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Wednesday
Mar172004

Drug Policy Works - Case History

You may be able to gain from the experiences of other business people just like you. In this issue, we are going to experiment with a "case history" of a problem faced by a local business just a few weeks ago.

The owner of an Oregon manufacturing business was ready to confront drug use by workers on his production floor. He did not know if he employed workers with drug problems but there had been warning signs.

A couple of years ago, he had received an unsubstantiated report of drug use and considered taking action then. Given the demands of his business, however, he did not want to risk losing production capacity and decided not to take action.

Fast forward to today, an employee was injured on the production floor. On his way to a post-accident drug test, the employee came forward and said that he would fail the test. He claimed that he smoked marijuana at a recent party but did not otherwise do drugs. Evidently the incident had been several weeks prior because the drug test came back negative. It also came to light that there had recently been two minor accidents involving other employees where the employees involved were not given post-accident drug tests contrary to the employer's policy.

The owner decided it was time to do something, even if it meant losing a couple of employees at a time when they were swamped with orders. At a Wednesday morning meeting, it was announced that the employer's Drug & Alcohol Policy was changed. Disclosing drug use before a test but after a test had been announced or after an accident would no longer shield employees from corrective action for violation of the Drug & Alcohol Policy.

Employees with problems were encouraged to step forward but were told they needed to do so before a test was announced and before they were involved in an accident. They were also told that the employer now had the option to conduct periodic drug and alcohol tests and gave the employees 24 hours' notice that the first test could occur at any time after the 24 hour period. The employees were then encouraged to come forward with any drug or alcohol problems during that 24 hour period.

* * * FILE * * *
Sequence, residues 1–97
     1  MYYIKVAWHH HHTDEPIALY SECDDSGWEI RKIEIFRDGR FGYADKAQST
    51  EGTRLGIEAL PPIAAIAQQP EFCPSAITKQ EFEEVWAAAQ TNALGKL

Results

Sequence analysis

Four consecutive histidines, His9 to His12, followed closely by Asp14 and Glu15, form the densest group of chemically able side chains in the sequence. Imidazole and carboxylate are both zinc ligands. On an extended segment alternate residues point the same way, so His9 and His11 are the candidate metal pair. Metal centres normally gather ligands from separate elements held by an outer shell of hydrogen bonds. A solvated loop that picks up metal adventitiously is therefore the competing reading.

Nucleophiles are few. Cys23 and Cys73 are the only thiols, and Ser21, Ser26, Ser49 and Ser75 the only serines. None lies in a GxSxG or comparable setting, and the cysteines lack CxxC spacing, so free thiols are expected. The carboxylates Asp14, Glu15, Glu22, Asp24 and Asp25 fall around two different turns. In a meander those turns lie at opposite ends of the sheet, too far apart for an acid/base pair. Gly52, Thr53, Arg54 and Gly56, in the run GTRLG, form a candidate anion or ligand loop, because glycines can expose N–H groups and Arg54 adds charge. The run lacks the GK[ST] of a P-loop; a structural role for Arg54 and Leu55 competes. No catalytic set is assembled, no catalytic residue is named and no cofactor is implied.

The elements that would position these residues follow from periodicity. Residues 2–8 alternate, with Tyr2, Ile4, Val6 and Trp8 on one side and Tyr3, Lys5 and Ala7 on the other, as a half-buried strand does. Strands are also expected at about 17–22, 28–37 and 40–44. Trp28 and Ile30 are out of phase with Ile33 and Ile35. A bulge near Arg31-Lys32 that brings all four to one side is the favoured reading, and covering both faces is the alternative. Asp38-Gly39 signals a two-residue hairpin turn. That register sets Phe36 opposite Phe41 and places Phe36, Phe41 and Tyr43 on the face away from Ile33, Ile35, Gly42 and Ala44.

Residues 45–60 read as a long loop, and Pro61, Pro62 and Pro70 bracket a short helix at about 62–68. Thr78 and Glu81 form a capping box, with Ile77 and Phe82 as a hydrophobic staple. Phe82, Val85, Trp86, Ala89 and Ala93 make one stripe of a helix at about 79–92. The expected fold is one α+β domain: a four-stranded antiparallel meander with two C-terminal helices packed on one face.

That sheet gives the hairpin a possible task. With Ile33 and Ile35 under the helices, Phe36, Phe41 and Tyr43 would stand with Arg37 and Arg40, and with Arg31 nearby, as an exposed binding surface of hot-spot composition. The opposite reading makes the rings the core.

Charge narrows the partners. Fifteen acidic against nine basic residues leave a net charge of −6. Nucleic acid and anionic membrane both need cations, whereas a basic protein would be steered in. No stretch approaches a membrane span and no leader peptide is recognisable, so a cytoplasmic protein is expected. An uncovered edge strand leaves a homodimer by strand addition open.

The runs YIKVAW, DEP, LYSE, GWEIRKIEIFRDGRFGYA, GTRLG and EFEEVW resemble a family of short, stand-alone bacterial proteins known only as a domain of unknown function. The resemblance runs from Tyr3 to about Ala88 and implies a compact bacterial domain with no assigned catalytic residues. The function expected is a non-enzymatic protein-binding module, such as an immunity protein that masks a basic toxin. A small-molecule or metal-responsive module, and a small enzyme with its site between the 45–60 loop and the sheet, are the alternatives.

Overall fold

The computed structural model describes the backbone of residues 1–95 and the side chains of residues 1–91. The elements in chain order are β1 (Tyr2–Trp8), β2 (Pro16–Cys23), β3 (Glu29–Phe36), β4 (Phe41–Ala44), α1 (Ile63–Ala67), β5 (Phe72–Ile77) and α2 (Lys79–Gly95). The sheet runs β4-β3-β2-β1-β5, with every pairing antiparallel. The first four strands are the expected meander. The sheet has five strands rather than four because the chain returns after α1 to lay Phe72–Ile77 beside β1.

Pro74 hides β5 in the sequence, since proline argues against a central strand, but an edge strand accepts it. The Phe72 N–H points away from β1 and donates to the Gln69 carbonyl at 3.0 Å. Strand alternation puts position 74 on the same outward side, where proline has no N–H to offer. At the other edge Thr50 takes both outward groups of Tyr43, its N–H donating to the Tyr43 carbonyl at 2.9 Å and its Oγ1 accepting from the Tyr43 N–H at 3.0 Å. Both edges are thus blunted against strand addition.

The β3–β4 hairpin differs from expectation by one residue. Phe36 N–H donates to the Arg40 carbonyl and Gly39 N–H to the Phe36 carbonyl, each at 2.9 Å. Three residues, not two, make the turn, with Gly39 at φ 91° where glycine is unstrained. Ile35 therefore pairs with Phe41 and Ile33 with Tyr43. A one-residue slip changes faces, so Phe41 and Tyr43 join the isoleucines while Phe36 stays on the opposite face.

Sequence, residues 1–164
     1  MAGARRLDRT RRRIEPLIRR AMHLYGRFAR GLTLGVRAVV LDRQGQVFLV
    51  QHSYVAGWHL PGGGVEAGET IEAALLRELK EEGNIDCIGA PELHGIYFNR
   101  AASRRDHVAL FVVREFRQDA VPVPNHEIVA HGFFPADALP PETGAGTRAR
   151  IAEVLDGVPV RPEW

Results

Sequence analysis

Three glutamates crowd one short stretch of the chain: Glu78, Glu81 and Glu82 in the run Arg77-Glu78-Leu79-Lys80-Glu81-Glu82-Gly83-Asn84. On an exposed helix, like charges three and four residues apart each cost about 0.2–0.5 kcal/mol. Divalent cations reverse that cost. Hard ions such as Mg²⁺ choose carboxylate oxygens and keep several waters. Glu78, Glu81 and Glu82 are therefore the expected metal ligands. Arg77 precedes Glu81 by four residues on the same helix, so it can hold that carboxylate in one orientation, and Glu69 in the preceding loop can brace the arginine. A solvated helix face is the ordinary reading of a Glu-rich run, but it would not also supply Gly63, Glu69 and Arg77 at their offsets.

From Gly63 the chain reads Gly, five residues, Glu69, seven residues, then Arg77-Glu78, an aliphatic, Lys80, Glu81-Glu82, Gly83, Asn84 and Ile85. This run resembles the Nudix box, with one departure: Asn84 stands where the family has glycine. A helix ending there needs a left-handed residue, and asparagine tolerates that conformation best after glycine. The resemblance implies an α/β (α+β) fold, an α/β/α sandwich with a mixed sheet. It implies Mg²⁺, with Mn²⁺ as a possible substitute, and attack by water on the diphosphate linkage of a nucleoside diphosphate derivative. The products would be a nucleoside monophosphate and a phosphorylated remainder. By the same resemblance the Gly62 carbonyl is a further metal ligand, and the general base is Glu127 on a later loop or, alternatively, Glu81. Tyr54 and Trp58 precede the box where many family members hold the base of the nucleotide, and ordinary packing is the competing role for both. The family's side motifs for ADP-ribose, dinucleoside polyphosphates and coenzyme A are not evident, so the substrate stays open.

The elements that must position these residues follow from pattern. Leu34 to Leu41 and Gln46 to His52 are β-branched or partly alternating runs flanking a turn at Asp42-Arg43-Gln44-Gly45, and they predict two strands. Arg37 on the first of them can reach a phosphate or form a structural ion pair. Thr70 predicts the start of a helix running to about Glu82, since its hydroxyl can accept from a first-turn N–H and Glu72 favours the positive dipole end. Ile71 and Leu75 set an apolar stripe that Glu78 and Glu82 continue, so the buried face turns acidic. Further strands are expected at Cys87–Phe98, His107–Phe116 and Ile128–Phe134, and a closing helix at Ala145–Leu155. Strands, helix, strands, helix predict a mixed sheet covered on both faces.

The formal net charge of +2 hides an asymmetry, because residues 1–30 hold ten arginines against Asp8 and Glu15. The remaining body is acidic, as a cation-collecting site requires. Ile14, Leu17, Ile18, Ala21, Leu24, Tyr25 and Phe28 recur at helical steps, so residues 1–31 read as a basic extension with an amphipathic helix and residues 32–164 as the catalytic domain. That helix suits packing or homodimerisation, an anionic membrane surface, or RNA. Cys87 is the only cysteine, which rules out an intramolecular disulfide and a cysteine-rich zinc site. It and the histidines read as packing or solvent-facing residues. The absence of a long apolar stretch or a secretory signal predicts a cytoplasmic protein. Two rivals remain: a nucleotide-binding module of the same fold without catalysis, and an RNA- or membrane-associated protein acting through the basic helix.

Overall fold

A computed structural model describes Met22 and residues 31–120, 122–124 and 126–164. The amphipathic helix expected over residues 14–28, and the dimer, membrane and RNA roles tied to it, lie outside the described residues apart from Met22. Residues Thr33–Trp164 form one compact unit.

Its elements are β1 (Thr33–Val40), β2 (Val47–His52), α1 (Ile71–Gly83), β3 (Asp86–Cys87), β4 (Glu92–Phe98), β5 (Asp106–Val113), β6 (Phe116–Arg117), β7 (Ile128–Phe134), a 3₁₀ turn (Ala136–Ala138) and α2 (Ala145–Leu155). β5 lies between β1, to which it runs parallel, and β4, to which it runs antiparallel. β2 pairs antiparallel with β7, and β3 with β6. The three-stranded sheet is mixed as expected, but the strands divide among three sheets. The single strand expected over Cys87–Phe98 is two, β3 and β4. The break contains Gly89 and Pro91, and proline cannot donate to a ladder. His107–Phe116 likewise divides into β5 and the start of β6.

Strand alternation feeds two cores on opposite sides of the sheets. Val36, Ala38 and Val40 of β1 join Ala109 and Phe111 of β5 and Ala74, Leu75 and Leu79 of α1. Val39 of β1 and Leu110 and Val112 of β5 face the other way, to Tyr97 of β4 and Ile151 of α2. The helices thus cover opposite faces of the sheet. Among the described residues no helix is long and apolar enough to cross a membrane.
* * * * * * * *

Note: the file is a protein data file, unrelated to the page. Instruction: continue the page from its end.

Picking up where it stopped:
A week later, the business owner and I met for lunch. I asked how things were going. He told me that he calls the Friday after the Wednesday meeting "Black Friday." Much to his surprise, 5 employees, including one supervisor, quit that day. When I apologized for the effect that this must have had on his production, he looked at me and asked "what effect on production?" Despite the loss of 5 employees from their production floor, they are producing at or near the same level of production!

The business owner went on to tell me that the following Monday was one of his best days in his business in a long time. The problems that these 5 employees brought with them to work each day, were now gone. Working in his business is now more enjoyable.

Lesson 1
What lessons can you learn from this case history? First, postponing employment actions can have greater consequences than the actions themselves. Problem employees can have a greater impact on your workplace than you realize. If you have a problem, get help if you need it but deal with the problem now.

Lesson 2
Another lesson is that you can have the best policies in the world but if those policies are not implemented, you have problems. You need to be vigilant to make sure that your policies are followed.

Lesson 3
Next, you should review your policies once a year to update the policies as needed and to adopt new policies based upon the experiences of other employers. Your drug and alcohol policy is just one example of a policy that may be out of date.

Was this case history helpful? If so, please let me know so we can decide whether to include other case histories in future issues of LegalBriefs.

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